# A to Z of Excel Functions: The CHISQ.DIST.RT Function

5 June 2017

*Welcome back to our regular A to Z of Excel Functions blog. Today we look at the CHISQ.DIST.RT function. *

**The CHISQ.DIST.RT function**

In probability theory and statistics, the chi-squared distribution (also chi-square or **χ2**-distribution) with **k** degrees of freedom is the distribution of a sum of the squares of **k** independent standard normal random variables. It is one of the most widely used probability distributions in inferential statistics, *e.g.* in hypothesis testing or in construction of confidence intervals.

The chi-squared distribution is used in the common chi-squared tests for goodness of fit of an observed distribution to a proposed theoretical one, the independence of two criteria of classification of qualitative data, and in confidence interval estimation for a population standard deviation of a normal distribution from a sample standard deviation.

If **Z _{1}**, ...,

**Z**are independent, standard normal random variables, then the sum of their squares

_{k}is distributed according to the chi-squared distribution with **k** degrees of freedom. This is usually denoted as

Thus, the chi-squared distribution has one parameter: **k** — a positive integer that specifies the number of degrees of freedom.

As aforementioned, the chi-squared distribution is used primarily in hypothesis testing. Unlike more widely known distributions such as the normal distribution and the exponential distribution, the chi-squared distribution is rarely used to model natural phenomena. It arises in the following hypothesis tests, among others.

The primary reason that the chi-squared distribution is used extensively in hypothesis testing is its relationship to the normal distribution. Many hypothesis tests use a test statistic, such as the **t** statistic in a **t-test**. For these hypothesis tests, as the sample size, **n**, increases, the sampling distribution of the test statistic approaches the normal distribution (**Central Limit Theorem**). Since the test statistic (such as **t**) is asymptotically normally distributed, provided the sample size is sufficiently large, the distribution used for hypothesis testing may be approximated by a normal distribution. Testing hypotheses using a normal distribution is well understood and relatively easy. The simplest chi-squared distribution is the square of a standard normal distribution. So wherever a normal distribution could be used for a hypothesis test, a chi-squared distribution could be used.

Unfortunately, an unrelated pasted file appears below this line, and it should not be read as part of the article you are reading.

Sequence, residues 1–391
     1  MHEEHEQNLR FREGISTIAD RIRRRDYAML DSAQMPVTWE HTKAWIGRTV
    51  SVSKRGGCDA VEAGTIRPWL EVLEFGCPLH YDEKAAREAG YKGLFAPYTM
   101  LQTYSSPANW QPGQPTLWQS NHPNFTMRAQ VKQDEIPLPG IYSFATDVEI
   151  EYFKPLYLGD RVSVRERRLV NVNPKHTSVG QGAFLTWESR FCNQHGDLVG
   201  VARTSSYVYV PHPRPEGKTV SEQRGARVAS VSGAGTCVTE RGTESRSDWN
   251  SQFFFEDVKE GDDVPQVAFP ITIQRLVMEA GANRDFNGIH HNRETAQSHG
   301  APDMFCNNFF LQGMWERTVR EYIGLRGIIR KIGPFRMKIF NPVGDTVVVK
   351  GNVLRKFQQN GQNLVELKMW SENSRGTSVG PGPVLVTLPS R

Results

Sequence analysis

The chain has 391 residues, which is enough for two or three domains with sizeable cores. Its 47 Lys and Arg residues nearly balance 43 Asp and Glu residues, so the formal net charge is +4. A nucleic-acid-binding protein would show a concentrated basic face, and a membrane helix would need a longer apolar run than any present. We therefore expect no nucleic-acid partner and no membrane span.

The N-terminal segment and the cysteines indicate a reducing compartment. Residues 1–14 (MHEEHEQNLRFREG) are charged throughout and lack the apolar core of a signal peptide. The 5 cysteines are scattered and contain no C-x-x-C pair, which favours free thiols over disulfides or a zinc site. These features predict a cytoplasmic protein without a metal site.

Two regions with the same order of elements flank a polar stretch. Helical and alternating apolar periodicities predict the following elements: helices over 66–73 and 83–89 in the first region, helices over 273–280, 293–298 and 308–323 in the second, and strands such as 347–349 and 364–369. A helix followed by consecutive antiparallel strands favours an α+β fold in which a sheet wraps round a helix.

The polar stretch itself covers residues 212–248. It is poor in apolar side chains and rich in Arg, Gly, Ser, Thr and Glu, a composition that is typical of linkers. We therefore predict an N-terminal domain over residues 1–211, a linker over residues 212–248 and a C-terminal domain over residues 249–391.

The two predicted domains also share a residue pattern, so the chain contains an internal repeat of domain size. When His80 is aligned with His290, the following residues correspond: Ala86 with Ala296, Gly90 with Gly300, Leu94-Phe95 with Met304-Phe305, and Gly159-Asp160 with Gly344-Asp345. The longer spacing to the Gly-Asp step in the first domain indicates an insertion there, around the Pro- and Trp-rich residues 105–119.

A chi-squared distribution constructed by squaring a single standard normal distribution is said to have 1 degree of freedom, *etc.*

The **CHISQ.DIST.RT** function returns the right-tailed probability of the chi-squared distribution. The **χ2 **distribution is associated with a **χ2** test. It is used to test the **χ2** test to compare observed and expected values. For example, a genetic experiment might hypothesise that the next generation of plants will exhibit a certain set of colours. By comparing the observed results with the expected ones, you can decide whether your original hypothesis is valid.

The **CHISQ.DIST.RT **function employs the following syntax to operate:

**CHISQ.DIST.RT(x, deg_freedom)**

The **CHISQ.DIST.RT** function has the following arguments:

**x:**this is required and represents the value at which you want to evaluate the distribution**deg_freedom:**this is also required. This denotes the number of degrees of freedom.

It should be further noted that:

- if either argument is nonnumeric,
**CHISQ.DIST.RT**function returns the*#VALUE!*error value - if any argument is nonnumeric,
**CHISQ.DIST.RT**function returns the*#VALUE!*error value - if
**deg_freedom**is not an integer, it is truncated - if
**deg_freedom**< 1 or**deg_freedom**> 10^10,**CHISQ.DIST.RT**returns the*#NUM!*error value **CHISQ.DIST.RT**appears to be the Excel 2010 replacement for the**CHIDIST**function.

Please see my example below:

*We’ll continue our A to Z of Excel Functions soon. Keep checking back – there’s a new blog post every other business day.*

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*A full page of the function articles can be found here.*